A hospital in Tripoli, Libya, treating coronavirus patients was bombed on Monday, injuring at least six health workers. Libya’s capital has battled for months with an extended assault by renegade General Khalifa Haftar, struggling to wrestle power away from the U.N.-recognized government.
Libya’s lack of a stable government following the fall of dictator Muammar Qaddafi has allowed it to become a breeding ground of criminal activity and terrorism. It has also left the country with a barely functioning healthcare system, making it particularly vulnerable to the Chinese pandemic.
Projectiles struck the grounds of Al Khadra General Hospital, located near a frontline in an area held by the internationally recognized Government of National Accord (GNA), according to Reuters. Local residents said that they heard loud blasts and then saw black smoke rising from the area surrounding the hospital.
“The hospital sustained substantial damage in the attack. Not only is it one of the largest hospitals in Tripoli, it is the only one dedicated to COVID-19 [Chinese coronavirus] patients, who were recently transferred here,” a local reporter said.
The United Nations condemned the attack as a “clear violation of international humanitarian law … unacceptable at a time when healthcare and health workers are vital in our fight against a global pandemic,” in a statement on Tuesday.
The shelling occurred on a day of mutual bombardment from both of Libya’s warring sides.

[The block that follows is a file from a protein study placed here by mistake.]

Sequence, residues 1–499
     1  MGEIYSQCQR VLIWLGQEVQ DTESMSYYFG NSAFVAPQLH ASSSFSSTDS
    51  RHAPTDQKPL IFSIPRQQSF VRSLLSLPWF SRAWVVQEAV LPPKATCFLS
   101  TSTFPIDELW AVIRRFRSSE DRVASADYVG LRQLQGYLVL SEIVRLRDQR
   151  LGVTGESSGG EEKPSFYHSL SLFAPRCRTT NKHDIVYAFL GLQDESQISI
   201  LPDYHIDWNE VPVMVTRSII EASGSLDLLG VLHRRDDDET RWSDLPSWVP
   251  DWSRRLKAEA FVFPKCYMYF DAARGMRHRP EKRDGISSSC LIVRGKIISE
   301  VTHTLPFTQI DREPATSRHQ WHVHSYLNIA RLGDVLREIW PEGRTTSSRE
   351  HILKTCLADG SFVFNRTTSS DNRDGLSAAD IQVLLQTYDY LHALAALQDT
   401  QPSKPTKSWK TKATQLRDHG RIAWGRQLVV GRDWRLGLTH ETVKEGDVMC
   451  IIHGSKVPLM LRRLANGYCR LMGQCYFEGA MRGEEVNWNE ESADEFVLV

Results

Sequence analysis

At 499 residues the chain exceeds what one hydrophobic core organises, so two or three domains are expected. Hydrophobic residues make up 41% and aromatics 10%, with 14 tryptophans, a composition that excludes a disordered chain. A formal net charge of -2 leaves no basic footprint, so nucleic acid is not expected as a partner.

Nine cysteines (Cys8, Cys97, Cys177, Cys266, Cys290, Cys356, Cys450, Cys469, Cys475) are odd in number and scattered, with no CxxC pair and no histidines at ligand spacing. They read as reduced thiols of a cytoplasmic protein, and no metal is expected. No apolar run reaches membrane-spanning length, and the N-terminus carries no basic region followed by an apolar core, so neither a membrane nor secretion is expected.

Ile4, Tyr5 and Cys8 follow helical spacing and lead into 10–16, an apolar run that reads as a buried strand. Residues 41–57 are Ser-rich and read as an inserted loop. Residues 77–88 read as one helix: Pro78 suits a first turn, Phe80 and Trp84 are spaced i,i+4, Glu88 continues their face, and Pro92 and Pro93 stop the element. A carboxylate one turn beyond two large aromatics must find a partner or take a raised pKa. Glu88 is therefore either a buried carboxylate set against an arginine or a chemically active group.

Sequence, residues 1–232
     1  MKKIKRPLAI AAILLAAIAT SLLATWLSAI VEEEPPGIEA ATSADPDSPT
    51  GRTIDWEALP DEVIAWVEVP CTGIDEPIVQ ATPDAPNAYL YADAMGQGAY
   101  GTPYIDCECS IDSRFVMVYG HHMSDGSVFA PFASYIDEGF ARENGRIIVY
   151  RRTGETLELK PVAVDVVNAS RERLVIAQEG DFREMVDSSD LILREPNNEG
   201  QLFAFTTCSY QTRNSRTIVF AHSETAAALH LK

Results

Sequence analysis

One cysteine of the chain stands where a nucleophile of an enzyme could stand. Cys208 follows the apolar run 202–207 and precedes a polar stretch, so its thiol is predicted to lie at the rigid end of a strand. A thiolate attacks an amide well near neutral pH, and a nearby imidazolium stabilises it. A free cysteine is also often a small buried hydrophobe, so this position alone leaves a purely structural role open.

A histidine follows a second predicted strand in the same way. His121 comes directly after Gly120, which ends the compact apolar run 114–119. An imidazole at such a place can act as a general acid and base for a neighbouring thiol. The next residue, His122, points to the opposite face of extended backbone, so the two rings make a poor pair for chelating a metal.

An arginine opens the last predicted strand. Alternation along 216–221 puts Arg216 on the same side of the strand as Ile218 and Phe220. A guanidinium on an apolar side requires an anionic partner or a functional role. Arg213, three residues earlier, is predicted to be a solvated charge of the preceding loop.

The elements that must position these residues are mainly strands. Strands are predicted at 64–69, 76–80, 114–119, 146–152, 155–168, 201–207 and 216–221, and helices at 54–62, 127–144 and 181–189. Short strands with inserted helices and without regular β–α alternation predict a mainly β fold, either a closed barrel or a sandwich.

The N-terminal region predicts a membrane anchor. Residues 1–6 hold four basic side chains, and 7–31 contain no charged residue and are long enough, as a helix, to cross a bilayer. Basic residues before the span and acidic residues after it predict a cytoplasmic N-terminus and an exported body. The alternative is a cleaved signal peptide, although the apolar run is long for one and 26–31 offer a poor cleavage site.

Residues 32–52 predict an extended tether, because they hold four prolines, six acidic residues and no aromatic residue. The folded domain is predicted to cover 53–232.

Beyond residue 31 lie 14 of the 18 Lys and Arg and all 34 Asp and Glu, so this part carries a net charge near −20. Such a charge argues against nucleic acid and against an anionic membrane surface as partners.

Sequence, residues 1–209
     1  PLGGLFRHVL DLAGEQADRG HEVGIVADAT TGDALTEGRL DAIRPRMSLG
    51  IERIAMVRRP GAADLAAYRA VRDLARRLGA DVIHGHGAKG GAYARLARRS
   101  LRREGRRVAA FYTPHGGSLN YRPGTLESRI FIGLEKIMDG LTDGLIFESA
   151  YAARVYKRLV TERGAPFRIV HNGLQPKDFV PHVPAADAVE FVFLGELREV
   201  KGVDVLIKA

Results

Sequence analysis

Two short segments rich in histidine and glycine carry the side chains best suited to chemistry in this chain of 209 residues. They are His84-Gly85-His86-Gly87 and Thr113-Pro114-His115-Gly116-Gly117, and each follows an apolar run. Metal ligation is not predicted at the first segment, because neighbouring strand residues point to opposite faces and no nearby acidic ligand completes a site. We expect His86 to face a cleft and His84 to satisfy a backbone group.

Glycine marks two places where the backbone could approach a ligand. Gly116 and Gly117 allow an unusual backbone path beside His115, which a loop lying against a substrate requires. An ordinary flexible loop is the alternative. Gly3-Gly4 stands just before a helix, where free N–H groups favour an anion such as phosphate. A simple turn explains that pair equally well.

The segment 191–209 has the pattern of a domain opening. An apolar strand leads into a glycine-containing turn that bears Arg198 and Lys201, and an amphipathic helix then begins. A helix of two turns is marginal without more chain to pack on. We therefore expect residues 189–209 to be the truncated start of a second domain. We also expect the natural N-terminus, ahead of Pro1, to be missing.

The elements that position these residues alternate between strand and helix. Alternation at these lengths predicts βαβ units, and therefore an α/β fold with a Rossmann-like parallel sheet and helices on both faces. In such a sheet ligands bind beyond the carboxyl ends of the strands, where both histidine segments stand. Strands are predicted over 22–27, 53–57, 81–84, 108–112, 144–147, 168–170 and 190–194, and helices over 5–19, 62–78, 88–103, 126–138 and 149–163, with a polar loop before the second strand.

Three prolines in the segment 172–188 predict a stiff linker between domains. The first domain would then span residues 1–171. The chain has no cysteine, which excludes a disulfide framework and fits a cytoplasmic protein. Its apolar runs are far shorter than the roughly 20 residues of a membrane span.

The local council of Abu Salim district said the hospital was targeted by the eastern-based Libyan National Army (LNA). Led by military commander Khalifa Haftar, the LNA has been trying to capture the capital since last April.
GNA Prime Minister Fayez al-Serraj has previously slammed Haftar as a “war criminal,” and demanded he withdraw his forces from Tripoli.
Abu Salim council posted photographs to social media showing damaged cars on the hospital grounds. According to a local aid group, six of the hospital’s patients had to be evacuated due to the bombing.
Libya’s health infrastructure has been badly reduced by years of chaos and conflict. In 2011, an uprising against strongman Muammar Gaddafi sparked turmoil continuing to this day, in which rival armed factions vie for power.
Conflict in Libya has escalated sharply over the past two weeks, despite pleas from the UN for a ceasefire so that the country may prepare for the coronavirus threat. Aid agencies have warned the country is poorly prepared to withstand a major coronavirus outbreak.
At press time on Tuesday, Libya had reported 20 infections and 1 death from the Chinese coronavirus.